|City||Vancouver, British Columbia|
General Motors Place
Purple, Black, Orange, White
|Division Championships||1993, 1994, 1995, 1996|
The Vancouver VooDoo were an inline hockey team based in Vancouver, British Columbia, Canada which played in the RHI (Roller Hockey International) league. The VooDoo were one of the original twelve teams to join the league in 1993. Founded and owned by Tiger Williams and Bill McMenamon, the team played in the PNE Agrodome in 1993 and 1994, the Pacific Coliseum in 1995. In 1996, the team played in General Motors Place after being sold to Orca Bay Sports and Entertainment, but folded in 1996 after the league ceased operations.
Season by season
The Voodoo experienced consistent success in the regular season throughout their four-year history, winning their division all four years. Despite their regular season success, however, the Voodoo never made it out of the second round of the playoffs.
In the RHI's inaugural season, Vancouver finished first in the King Division, atop the Calgary Rad'z, Portland Rage, and Utah Rollerbees, good for second overall, behind the Anaheim Bullfrogs. In the first round of the playoffs, they were eliminated by the division rival Calgary Rad'z 8-7.
Star forward Jose Charbonneau, a former NHLer, led the RHI in regular season scoring with 68 points in 14 games, and attracted the attention of the NHL's Vancouver Canucks, who had previously released Charbonneau in 1989. Charbonneau went on to play 33 more games for the Canucks before finishing his career in Europe. Former NHL star (and team co-owner) Tiger Williams played in one game for the Voodoo and registerd 2 points.
Playing at the PNE Agrodome, the Voodoo's average attendance was 3,800.
As league expansion doubles the league's team total to 24, the Voodoo are placed in the new Northwest Division with the Calgary Rad'z, Phoenix Cobras, Portland Rage, Edmonton Sled Dogs, and Sacramento River Rats. They finish atop their division, as well as second overall in the Western Conference, behind the Los Angeles Blades. The Voodoo's leading scorer is Ryan Harrison; he finishes with 62 points in 22 games, good for 15th overall in the league.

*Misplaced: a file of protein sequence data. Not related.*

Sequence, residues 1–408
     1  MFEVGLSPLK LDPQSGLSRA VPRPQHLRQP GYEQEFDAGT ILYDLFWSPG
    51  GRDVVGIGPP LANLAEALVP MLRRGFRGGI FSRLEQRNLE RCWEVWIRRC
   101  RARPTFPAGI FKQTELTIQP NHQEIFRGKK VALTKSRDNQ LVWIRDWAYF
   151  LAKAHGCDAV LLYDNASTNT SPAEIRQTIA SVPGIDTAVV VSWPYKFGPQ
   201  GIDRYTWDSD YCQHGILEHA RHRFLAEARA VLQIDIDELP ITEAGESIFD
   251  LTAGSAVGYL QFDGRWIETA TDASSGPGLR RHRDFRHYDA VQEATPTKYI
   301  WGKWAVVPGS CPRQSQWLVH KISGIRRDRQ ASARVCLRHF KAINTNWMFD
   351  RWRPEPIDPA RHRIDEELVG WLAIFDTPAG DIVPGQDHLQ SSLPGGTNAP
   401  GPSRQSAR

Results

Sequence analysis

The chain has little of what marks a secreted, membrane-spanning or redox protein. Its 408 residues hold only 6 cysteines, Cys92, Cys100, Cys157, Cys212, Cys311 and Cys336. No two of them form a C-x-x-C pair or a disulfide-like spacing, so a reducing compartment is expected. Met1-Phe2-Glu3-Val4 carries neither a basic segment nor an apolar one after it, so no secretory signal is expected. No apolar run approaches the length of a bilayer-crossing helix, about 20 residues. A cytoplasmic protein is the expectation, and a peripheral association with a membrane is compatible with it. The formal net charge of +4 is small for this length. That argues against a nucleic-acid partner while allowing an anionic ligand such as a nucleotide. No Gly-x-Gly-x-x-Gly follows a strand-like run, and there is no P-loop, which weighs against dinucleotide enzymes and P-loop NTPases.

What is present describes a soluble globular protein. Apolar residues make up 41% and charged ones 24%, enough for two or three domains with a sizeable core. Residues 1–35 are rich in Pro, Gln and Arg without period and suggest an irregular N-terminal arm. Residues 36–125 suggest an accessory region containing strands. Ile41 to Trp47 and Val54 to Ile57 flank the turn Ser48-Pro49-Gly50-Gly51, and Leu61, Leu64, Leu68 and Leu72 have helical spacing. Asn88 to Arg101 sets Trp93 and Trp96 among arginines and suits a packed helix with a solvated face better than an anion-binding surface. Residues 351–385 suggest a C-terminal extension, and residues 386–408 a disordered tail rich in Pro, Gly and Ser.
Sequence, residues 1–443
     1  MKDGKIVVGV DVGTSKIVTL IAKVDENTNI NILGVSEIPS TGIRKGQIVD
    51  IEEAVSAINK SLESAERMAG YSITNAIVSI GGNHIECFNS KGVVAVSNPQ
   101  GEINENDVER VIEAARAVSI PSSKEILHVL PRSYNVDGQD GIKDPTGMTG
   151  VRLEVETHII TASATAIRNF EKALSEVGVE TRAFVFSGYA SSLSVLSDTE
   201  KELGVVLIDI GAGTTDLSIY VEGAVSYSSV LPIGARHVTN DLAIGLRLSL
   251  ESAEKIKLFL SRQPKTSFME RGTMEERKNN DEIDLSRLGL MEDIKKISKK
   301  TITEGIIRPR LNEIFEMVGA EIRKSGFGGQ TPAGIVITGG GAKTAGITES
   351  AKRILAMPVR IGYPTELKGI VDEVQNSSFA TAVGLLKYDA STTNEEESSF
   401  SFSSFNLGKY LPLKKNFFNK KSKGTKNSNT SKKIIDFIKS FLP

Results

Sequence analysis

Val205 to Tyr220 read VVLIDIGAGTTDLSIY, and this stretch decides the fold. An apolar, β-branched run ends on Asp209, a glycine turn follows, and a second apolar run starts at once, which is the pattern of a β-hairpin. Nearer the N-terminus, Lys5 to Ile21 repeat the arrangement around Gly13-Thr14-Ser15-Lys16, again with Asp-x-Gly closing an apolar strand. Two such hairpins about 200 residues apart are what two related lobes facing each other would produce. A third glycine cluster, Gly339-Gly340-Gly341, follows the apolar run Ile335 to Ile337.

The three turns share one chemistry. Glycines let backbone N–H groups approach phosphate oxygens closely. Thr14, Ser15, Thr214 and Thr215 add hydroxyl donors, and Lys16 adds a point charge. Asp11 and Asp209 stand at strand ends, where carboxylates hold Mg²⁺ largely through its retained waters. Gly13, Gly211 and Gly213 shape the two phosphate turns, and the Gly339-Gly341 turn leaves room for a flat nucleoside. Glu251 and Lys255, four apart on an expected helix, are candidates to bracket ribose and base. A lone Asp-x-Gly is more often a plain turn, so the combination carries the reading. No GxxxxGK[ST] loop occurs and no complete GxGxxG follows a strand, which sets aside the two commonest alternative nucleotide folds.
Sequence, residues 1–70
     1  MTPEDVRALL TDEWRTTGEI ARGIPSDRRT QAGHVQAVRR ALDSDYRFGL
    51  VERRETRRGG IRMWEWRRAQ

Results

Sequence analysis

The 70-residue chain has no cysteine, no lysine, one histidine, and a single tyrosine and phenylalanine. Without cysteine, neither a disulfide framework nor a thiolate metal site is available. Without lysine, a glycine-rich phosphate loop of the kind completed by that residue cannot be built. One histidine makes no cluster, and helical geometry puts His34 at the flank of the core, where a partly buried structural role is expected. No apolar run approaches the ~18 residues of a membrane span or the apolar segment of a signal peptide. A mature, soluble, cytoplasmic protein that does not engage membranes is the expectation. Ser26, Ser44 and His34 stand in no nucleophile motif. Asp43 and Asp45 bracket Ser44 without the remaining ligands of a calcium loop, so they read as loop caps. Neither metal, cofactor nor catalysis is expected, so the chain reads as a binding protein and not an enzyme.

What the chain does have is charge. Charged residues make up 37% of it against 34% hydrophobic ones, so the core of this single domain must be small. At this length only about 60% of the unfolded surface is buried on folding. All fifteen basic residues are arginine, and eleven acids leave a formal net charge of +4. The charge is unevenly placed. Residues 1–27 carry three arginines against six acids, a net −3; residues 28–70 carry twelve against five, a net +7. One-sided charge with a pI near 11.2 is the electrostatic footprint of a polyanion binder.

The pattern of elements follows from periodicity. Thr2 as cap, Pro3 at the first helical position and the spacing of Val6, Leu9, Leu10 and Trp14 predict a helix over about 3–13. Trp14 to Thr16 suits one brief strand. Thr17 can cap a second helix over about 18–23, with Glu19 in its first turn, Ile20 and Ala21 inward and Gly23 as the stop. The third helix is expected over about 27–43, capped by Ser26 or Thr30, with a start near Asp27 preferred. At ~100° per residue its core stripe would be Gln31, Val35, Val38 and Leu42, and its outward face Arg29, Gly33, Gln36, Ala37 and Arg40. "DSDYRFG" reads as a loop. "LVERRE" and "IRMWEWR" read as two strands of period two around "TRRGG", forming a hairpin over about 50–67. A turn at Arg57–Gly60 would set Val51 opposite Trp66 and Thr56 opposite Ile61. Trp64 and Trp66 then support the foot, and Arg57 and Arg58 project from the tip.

In the playoffs, the Voodoo are once again defeated in the first round, ousted by Portland in two games.
The Voodoo finish atop their division and second in their conference for the third straight season. Ryan Harrison leads Vancouver in scoring again with 63 points in 24 games, 15th overall in the league once more.
In the playoffs, Vancouver makes it out of the first round for the first time, defeating the Oakland Skates in two games, but is halted in the second round by the San Jose Rhinos, the inevitable Murphy Cup champions.
As the Voodoo fully relocate to the Pacific Coliseum, their average attendance rises again to 5,300.
Vancouver wins their division for the fourth consecutive season, but are eliminated in the second round in three games by the Anaheim Bullfrogs. Vancouver's Doug Ast finishes second overall in the league in regular season scoring with 91 points in 28 games.
At the end of the 1996 season, the Vancouver Voodoo franchise folds after 4 years.
Regular season records